With flagship smartphones that break that £1,000 barrier seemingly the new norm, it can be easy to forget that there's a thriving budget market out there for those who don't want to overstretch on a new handset.
Xiaomi, Samsung and Huawei have put themselves forward in 2019 to keep the cheap smartphone flag flying, and we want to know which are worth spending your hard-earned cash on.
We've got fully tested reviews of the Xiaomi Redmi 6A, Samsung Galaxy J4+ and Huawei P Smart (2019) to give you the answer, and we also take a look at how easy it is to shop at this end of the market without picking up a dud.
It hasn't taken long for Xiaomi to flood the UK smartphone scene. The flagship 'Mi 8' range was made in celebration of its 8th year of production, but it also has the lesser spotted Redmi range, for those looking for something a bit more affordable. The Redmi 6A is the cheapest offering from the lineup and offers a slightly lower spec roster than the Redmi 6.
For £100, the 6A comes with a 5.45-inch display, 16GB of internal storage (expandable up to 256GB with a MicroSD card) and it runs on Android 8.1. On the front you'll see a 5Mp camera, with a single 13Mp camera on the rear. It's not quite cutting edge in an age of quad camera smartphones, but consider that you're getting more megapixels than the premium Google Pixel 3's single 12.2Mp rear camera for £500 less, and you might be more forgiving.
Could Xiaomi be the new manufacturer to dominate the budget smartphone market? We've got a fully testedreview of the Redmi 6A that reveals all.
Next up is Samsung's Galaxy J4+ - more expensive at £159, but still cheaper than most. The J4+ shows why its worth paying extra in a few areas. It has a larger 6-inch screen that displays HD+, twice the internal storage (32GB) and twice the expandable storage capacity (512GB). Where rear cameras are concerned, it's identical to the Redmi 6A, housing only a single 13Mp rear camera and a 5Mp front camera.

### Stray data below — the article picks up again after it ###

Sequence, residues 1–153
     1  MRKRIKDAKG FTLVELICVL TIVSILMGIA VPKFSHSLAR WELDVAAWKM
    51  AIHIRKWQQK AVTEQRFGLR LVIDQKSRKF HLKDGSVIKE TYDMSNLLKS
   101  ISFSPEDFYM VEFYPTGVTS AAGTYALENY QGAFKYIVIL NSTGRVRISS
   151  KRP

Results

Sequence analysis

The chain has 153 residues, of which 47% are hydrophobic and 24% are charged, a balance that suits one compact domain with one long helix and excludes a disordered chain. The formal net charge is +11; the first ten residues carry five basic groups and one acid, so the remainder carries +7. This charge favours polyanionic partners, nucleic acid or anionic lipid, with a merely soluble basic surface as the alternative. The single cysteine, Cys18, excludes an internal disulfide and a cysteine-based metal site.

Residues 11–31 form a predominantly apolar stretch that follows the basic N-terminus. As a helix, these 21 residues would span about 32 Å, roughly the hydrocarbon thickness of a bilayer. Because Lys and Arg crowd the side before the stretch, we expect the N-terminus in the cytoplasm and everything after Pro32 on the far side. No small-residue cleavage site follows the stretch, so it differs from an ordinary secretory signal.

Samsung wasn't stingy with packing some nifty capabilities into this modest smartphone. It's got Dual Messenger, which allows you to make a copy of an app such as Facebook Messenger so you can use a personal and business account on the same phone without the hassle of logging in and out. It's also got the same Dolby Atmos sound system found in the top-of-the-range Samsung smartphones.
Will this modest smartphone be the best budget choice? Read our review of the Samsung Galaxy J4+ to find out.
At the top end of the budget price range, Huawei stepped into the ring with a 2019 iteration of its P Smart budget model.
The P Smart was originally launched in the UK in 2018, as one of the cheapest handsets that Huawei had on offer. For just under £250, the P Smart offered a 5.65-inch screen, a reasonably sized bezel at the top and bottom of the phone and a dual rear camera with 13Mp and 2Mp lenses.
On the 2019 version of the model, you'll find that Huawei has outdone its previous efforts. The P Smart (2019) now houses a 6.21-inch screen with a 'Dewdrop Notch FullView' display, meaning you get a full screen, only interrupted by a small hole to hold the camera.
Those camera specs have stayed exactly the same but storage capacity has doubled from 32GB to 64GB on this year's model. You'll also get a phone running on the newest Android 9.0 operating system. It all looks good on paper when compared to its predecessor but how does it compare to the cheaper Galaxy J4+ and Redmi 6A? Read our for the full verdict.
Here to compete with Huawei at the cut-off of the budget category, the Honor 10 Lite is an affordable smartphone from Honor. Although it typically remains in mid-range territory, Honor is trying its hand at cheaper models and this is its cheapest in a while.
The 10 Lite is almost identical to the Huawei P Smart (2019) in a number of ways, starting with it's 6.21-inch screen the screen which has an incredible 90% screen-to-body ratio. It has a teardrop design to hold the camera, which again, is very similar to the P Smart (2019) and also has 64GB of storage.
Impressively at this price there are dual real cameras - 13Mp and 2Mp, but the front camera is an alarmingly high-spec 24Mp, which blows the P Smart's (2019) paltry 8Mp lens out of the water. We've been hands on with the Honor 10 Lite to find out how it measures up.
When looking across the spectrum for a new smartphone, it seems nearly impossible that a sub-£200 phone could compete with today's lofty standards.But going by what's on offer from brands like Xiaomi, Samsung and Huawei, it certainly seems like cheaper phones are bearing some of the gifts that you'll typically find in premium models.
The specs and price of a phone are good indicator of what it has to offer but they often don't give a full picture.We've tested more than 40 'budget' smartphones, which we're categorising as costing £200 or less, and found that paying closer to the £200 mark doesn't always guarantee that you'll get a better phone.
While a lot of the cheapest phones get low scores, there are some outlier models that will give stellar performance for a bargain.